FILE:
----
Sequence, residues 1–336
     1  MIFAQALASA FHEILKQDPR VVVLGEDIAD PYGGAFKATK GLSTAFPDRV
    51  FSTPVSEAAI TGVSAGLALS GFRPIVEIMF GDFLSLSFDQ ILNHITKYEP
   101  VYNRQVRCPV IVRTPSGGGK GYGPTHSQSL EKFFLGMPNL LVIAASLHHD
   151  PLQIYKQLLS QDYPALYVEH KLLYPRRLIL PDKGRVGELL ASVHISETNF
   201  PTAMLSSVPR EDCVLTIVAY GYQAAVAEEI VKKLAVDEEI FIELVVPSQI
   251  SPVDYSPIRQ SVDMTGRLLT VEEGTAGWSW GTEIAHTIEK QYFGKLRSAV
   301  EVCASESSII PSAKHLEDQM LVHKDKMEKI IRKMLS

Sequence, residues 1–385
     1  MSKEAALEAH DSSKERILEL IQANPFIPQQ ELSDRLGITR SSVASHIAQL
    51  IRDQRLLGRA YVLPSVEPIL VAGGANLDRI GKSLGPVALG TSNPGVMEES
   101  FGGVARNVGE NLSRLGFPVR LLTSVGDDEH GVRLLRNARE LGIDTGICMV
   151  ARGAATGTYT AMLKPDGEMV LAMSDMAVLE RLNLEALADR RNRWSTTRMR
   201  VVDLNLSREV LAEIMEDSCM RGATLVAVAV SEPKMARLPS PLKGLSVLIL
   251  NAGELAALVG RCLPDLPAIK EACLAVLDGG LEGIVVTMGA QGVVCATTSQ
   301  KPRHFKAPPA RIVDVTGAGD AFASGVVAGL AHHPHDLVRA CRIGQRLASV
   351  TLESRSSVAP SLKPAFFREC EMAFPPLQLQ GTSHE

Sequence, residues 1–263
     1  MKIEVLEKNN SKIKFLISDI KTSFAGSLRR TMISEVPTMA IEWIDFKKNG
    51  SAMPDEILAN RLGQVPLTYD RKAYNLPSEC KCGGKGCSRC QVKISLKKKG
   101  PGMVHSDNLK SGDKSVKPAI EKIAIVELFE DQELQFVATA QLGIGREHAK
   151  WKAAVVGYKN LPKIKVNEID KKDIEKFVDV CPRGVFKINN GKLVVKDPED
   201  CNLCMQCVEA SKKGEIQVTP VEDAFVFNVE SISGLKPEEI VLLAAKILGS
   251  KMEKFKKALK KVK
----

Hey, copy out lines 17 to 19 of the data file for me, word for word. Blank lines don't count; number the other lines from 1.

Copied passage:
   351  TLESRSSVAP SLKPAFFREC EMAFPPLQLQ GTSHE

Sequence, residues 1–263
     1  MKIEVLEKNN SKIKFLISDI KTSFAGSLRR TMISEVPTMA IEWIDFKKNG